Rebecca Birch as Beverly, George Readshaw as Tony – Photo by Sheila Burnett
By Charlotte Ndupuechi
Dark, funny and a joy to watch. Like a time capsule from the 1970s with an intriguing, yet uncomfortable reflection on relationships and class in British society.
Abigail‘s Party tells the story of married couple Beverly and Laurence, as they host a party in their suburban living room for their neighbours. Laurence is wound up from the second he walks in, being late from work. The pressures of trying to ‘keep up with the Joneses’ are clear from the start.
Their guests are Angela and her husband Tony, and neighbour Sue. Sue has agreed to let her 15-year-old daughter Abigail have a party next-door, and so is seeking refuge for the evening. This is clearly not the place Sue would normally spend her time or the company she would choose to keep, as much as Laurence tries to form a connection. She brings wine and hasn’t had her ‘tea’ yet like the others. Maybe assuming she was coming to a dinner party. She lives in one of the older houses and was married to an architect. And much to the delight of Laurence, she likes olives. Hinting at her more middle-class status.
The play is stripped back to the key essentials. There are no scene changes, no flashing lights, or special effects. This is all about great writing and character development. The cast did a wonderful job in performing these roles. Rebecca Birch as the iconic Beverly in an amazing dress and Tom Richardson as Laurence had you drawn in from the start.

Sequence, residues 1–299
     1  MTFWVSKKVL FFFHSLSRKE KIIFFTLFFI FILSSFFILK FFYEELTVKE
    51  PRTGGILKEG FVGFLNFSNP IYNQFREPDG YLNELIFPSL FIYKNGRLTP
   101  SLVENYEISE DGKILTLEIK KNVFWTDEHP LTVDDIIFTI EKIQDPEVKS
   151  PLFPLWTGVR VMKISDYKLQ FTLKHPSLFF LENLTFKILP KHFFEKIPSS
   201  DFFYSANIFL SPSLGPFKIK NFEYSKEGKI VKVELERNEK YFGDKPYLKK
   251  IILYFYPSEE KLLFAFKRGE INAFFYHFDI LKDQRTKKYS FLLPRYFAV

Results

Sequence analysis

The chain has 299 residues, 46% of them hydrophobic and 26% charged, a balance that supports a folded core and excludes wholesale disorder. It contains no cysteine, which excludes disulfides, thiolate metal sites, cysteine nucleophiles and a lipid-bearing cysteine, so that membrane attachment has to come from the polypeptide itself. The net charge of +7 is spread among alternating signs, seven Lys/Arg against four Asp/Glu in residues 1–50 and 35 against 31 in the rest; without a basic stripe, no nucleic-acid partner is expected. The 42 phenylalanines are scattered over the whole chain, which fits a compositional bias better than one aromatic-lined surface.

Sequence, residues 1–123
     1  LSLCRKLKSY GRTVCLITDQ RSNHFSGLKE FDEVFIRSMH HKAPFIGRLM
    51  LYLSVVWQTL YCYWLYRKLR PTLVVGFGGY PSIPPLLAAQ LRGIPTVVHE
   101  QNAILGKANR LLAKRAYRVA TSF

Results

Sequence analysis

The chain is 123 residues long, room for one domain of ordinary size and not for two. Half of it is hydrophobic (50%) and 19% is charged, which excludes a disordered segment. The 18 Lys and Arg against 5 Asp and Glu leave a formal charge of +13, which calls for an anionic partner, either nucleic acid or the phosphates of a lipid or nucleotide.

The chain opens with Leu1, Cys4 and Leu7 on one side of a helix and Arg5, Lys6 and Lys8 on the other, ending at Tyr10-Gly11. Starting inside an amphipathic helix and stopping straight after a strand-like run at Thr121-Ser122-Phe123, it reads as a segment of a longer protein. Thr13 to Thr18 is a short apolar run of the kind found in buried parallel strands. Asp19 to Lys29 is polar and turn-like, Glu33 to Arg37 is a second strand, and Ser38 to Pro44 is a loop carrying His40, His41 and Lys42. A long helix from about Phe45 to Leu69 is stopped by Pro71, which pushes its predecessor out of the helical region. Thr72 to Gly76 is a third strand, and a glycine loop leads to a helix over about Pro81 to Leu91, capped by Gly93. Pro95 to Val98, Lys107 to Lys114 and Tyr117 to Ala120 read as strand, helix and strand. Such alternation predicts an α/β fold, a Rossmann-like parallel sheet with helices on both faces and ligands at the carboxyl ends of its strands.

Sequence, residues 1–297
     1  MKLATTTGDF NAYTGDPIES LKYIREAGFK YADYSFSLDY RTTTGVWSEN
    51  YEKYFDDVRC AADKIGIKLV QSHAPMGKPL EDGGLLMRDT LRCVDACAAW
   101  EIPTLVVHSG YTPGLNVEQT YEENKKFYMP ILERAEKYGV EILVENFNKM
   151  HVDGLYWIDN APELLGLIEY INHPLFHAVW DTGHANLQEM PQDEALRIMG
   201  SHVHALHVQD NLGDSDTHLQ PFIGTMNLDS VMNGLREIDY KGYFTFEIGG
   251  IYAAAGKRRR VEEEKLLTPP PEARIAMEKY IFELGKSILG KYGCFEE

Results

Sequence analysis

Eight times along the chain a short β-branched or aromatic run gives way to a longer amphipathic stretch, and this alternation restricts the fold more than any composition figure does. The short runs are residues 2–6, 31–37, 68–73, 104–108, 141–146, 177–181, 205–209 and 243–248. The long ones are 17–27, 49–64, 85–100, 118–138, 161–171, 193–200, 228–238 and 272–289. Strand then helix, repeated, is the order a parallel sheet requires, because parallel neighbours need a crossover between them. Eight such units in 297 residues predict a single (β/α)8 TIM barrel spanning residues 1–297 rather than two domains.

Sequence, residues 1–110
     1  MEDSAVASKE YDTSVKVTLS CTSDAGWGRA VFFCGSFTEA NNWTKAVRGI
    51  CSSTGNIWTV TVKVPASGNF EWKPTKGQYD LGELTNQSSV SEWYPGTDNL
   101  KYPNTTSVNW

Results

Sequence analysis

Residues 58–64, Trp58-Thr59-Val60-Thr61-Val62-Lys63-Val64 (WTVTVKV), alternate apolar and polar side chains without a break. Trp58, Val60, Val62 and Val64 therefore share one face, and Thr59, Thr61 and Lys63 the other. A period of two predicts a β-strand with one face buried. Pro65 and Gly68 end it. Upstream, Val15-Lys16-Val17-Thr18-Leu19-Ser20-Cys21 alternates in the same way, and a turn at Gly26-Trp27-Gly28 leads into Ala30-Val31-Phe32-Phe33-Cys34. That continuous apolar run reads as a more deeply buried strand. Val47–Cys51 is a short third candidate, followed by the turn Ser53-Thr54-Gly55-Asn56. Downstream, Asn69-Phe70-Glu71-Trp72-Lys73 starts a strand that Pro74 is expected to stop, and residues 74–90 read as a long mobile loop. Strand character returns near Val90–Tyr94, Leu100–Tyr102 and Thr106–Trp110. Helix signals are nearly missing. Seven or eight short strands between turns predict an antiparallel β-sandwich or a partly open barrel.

Tony, played by George Readshaw, and Jo Castleton as Sue were just what you wanted from the characters. I really did enjoy the performance from Alice-De-Warrenne as Angela. This is often a weaker role, but I felt she gave an excellent performance and made every push of her glasses and hula-hoop crisp placed on her fingers an extra something.
As the alcohol flows and the ‘nibbles’ are eaten, social manners go out the window. The records come out and the flirting from Beverly towards Tony increases, and as much as she tries to push herself, often with quite bullying behaviour, she also leaves herself exposed as vulnerable and insecure. Tony seems quite happy to lap up the affection from Beverly, but also stands up to Laurence when he is rude to his wife Angela.
Although Angela seems weak and timid at first, her character shows strength and the reliability of an experienced working nurse when needed. The complex nature of each person means you can both love them and hate them at the same time.
The set is almost like another character and is so important to the story and this production did not disappoint. The fully fitted carpets, the silver plated candelabra, the new table, the three-piece suite. The set and costumes were spot on.
Such a joy to watch, I wanted to get up and join the party. This is a must see.
Abigail’s Party runs until Saturday 4 March, Recommended age: 14+ (contains strong language). For more information or to book tickets visit www.theatreroyalwinchester.co.uk or call 01962 840 440.
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